Dr Desmond Lam is a professor of marketing who wrote his doctoral thesis on gambling behavior from a consumer perspective. He followed up with three years at the University of Macau. Since then, he has written extensively on gambling-related issues. CHINA ECONOMIC REVIEW spoke to Lam about the state of Macau’s gaming sector and the territory’s plans to attract more foreign custom.
Q: What are the particular characteristics of the Chinese gamblers?
A: The “illusion of control” in Chinese gamblers is high. Chinese people tend to gamble a lot more and are higher risk-takers. There is a sense in the industry the Chinese tend to be more hard-core gamblers as opposed to Vegas gamblers who are there to have fun. Chinese gamblers in Macau are here to beat the house and make money.
Q: Does this style of gambling indicate a problem or just a cultural attitude?
A: I wouldn’t call it compulsive gambling, but the motivation is different. You can’t say someone is a problem gambler just because they take risks. And cultural values do play a part. The superstitions of Taoism, Feng Shui and Chinese numerology all still hold very strongly among some Chinese.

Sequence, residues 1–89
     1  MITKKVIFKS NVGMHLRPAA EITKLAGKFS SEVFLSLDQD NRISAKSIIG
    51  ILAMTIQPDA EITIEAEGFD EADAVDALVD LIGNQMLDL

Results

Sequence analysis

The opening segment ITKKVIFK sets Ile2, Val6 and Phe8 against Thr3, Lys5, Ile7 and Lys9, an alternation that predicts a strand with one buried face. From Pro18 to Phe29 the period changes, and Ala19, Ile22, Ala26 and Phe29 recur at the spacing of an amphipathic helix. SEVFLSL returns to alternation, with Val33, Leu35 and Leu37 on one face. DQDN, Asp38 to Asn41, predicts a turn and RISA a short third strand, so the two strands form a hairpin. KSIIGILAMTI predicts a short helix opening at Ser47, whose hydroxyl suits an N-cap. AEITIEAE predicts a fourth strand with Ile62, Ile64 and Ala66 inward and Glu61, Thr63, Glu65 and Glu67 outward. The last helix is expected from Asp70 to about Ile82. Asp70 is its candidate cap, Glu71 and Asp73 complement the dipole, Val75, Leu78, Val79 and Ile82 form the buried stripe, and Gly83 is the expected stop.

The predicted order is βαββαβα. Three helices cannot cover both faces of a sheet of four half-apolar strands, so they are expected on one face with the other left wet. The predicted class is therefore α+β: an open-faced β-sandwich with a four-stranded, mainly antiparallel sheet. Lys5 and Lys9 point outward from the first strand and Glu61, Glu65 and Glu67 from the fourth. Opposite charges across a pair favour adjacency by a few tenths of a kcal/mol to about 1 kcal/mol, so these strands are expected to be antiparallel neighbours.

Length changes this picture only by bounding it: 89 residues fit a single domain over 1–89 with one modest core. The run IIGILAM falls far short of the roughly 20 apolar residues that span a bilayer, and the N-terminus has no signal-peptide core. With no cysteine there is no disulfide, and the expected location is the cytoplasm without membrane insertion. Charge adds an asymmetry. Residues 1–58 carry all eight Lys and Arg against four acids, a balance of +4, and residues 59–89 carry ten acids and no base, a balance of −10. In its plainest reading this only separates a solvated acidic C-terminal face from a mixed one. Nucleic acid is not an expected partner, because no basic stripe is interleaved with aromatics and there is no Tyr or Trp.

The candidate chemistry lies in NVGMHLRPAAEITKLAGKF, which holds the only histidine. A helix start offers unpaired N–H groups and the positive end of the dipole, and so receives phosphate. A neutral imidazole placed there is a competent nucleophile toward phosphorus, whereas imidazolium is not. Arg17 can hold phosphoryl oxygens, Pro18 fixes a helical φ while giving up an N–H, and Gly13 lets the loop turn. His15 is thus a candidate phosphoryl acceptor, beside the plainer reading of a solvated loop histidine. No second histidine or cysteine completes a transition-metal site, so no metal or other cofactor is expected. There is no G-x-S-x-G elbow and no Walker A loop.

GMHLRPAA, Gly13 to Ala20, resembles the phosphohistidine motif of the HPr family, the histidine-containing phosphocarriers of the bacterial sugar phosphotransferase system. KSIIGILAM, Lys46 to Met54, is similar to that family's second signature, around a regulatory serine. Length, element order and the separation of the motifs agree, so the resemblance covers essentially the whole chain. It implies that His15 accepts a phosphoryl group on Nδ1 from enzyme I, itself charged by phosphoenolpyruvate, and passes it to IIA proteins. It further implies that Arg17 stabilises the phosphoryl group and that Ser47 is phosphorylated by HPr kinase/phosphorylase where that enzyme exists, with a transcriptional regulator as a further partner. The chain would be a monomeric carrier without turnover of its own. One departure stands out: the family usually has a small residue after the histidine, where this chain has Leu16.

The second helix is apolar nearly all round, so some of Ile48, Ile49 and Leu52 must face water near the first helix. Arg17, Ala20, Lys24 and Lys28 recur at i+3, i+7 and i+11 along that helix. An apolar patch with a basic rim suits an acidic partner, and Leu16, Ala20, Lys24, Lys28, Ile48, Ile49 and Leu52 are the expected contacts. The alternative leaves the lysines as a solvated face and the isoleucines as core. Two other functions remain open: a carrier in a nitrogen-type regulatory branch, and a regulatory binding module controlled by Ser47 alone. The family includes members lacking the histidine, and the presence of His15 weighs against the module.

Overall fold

Q: In a recent paper, you argued that Macau is a “victim of its own success.” Can you explain what you meant?
A: Before liberalization of the gaming industry there wasn’t much talk in Macau about how to control the process. Once it opened up in 2002, there was an influx of people from the mainland, and there were the usual issues caused by overcrowding and gambling culture. Now Macau is perceived to be exporting gambling ills to the mainland. It’s something the government could have anticipated, but did not. To be fair, no one expected Macau to do so well in such a short time.
Q: Are the recent increases of state control of the gambling industry and visa restrictions on mainlanders a temporary reaction or a long-term strategic change?
A: It’s probably a temporary issue. As soon as Macau begins to transform itself into more of an entertainment mecca, the government is likely to loosen up. The question is, can mass gaming and the Cotai Strip model take off? Also, there is currently an over-focus on VIPs and less on mass gaming. This has to change.
Q: Most gamblers in Macau are Chinese. What can be done to attract more non-Chinese players?
A: They have done a lot in the last two or three years. For example, Southeast Asian players are coming in bigger numbers now, partly because of the growth of low-cost carriers serving Macau, and partly because of promotional offers to attract non-Chinese customers.